My daughter hit a big milestone first today, or at least a big milestone for my family. Today was her first official trip to the local library. Her joy at the abundance of books was slightly dampened for me at her inability to grasp the concept of NOT randomly pulling books off of shelves and scattering them on the floor.
As much as she loved running through the stacks and crawling into the toddler sized chairs, our visit was cut short by a horrible fact…our library no longer stays open past 1 p.m. on Saturdays. There are not enough people visiting the library for them to afford hiring extra help or keeping the doors open. Within the past year they have had to cut their hours back by almost half. And they are still not having the amount of traffic that years past brought them.
A flat screen television, with cable, has been added to the children’s section to try and ‘keep the little ones entertained’, the story teller hour no longer runs throughout the year, and there are currently no community classes scheduled. Are libraries falling by the wayside? Have they begun to outlive their usefulness with the readily available online resources and a more visually centered population?
I would like to think that this is not the case, but the fact of the matter seems to be that children no longer gather at the library. At one point in my middle school career I was a member of three different libraries and checked books out from each on a weekly basis. Now even small children have iPads and Kindles, constant stimulation without having to learn to carefully turn pages or read words without using the computerized aid.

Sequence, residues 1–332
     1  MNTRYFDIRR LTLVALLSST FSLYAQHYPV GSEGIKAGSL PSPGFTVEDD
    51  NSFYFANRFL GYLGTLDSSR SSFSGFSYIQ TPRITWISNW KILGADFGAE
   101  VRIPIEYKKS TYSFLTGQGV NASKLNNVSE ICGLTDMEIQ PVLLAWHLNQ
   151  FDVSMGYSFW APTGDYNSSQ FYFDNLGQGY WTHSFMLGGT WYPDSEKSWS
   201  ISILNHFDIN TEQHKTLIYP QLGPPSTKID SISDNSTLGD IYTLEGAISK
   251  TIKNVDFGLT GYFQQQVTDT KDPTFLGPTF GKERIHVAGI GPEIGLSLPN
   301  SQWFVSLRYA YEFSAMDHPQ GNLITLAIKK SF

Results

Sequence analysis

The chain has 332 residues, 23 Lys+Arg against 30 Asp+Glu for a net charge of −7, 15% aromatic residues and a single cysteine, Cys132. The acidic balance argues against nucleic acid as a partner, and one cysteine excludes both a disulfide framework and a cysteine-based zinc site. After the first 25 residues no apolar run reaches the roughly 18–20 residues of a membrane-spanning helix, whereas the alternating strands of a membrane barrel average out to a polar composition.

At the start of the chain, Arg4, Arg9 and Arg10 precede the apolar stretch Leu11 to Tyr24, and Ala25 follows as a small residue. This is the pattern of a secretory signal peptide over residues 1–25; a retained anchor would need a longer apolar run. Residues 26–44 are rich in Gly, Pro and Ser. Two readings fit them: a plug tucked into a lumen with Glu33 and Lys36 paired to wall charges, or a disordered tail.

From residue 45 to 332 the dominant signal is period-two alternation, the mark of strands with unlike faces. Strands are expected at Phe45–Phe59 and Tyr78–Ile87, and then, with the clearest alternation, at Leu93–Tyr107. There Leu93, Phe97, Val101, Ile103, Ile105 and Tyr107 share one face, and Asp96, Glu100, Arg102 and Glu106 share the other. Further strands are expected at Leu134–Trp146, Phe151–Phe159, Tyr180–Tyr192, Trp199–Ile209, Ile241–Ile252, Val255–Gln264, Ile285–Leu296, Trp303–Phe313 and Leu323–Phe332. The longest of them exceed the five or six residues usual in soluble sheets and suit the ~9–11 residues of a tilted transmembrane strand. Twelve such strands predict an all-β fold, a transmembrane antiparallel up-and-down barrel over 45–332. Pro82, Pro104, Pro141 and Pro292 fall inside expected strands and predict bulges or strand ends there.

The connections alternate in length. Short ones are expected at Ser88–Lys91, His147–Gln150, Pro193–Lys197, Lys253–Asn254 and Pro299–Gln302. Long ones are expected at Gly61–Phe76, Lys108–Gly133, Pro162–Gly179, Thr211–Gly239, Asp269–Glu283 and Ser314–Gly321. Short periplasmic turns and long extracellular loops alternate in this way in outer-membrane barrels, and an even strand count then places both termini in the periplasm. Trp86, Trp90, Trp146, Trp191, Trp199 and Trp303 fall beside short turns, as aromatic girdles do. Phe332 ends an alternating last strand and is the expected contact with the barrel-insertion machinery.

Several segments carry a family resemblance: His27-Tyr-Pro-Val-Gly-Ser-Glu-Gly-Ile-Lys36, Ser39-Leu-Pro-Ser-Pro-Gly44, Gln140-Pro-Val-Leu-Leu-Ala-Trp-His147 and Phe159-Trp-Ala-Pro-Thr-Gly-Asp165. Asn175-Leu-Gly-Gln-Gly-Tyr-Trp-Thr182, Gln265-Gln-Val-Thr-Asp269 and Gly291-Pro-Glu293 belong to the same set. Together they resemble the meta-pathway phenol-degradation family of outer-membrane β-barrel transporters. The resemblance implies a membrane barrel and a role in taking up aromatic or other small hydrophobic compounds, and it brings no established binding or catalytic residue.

How long will it be before the library becomes just another relic? A historical building with cases lined with holographic representations and little notes telling museum visitors about ‘the olden days’ when people used to flock together to borrow ‘books’ (they were in paper form back then kids!). While we fight in our school systems to keep music and art available for students, we should also be looking to the old gathering centers of town and pass that tradition of knowledge and fun alive. If we don’t, there may soon come a time when a generation has no idea what the word ‘library’ means, unless you’re talking about their music lists.
My weekend challenge for you is to go check out a local library. Make it a family trip or snag your best friend and see if there is a library near you that still has community programs going. While you’re at it, have fun! Check out a book, or two. Read to some kids, some cats, random passerby, and remember when you weren’t so busy that you couldn’t spend a lazy Saturday afternoon perusing the fiction section.
Have a Blessed day and go READ something!